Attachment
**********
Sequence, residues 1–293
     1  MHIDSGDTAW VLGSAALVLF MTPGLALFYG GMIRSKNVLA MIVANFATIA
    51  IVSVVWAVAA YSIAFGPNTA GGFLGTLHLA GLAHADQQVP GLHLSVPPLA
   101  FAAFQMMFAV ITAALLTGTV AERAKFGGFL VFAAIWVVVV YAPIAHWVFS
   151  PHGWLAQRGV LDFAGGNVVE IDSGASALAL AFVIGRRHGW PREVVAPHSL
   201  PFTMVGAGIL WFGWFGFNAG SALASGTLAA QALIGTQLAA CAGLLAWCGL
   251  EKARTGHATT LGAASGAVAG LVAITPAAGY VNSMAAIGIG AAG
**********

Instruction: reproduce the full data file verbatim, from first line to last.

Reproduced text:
Sequence, residues 1–293
     1  MHIDSGDTAW VLGSAALVLF MTPGLALFYG GMIRSKNVLA MIVANFATIA
    51  IVSVVWAVAA YSIAFGPNTA GGFLGTLHLA GLAHADQQVP GLHLSVPPLA
   101  FAAFQMMFAV ITAALLTGTV AERAKFGGFL VFAAIWVVVV YAPIAHWVFS
   151  PHGWLAQRGV LDFAGGNVVE IDSGASALAL AFVIGRRHGW PREVVAPHSL
   201  PFTMVGAGIL WFGWFGFNAG SALASGTLAA QALIGTQLAA CAGLLAWCGL
   251  EKARTGHATT LGAASGAVAG LVAITPAAGY VNSMAAIGIG AAG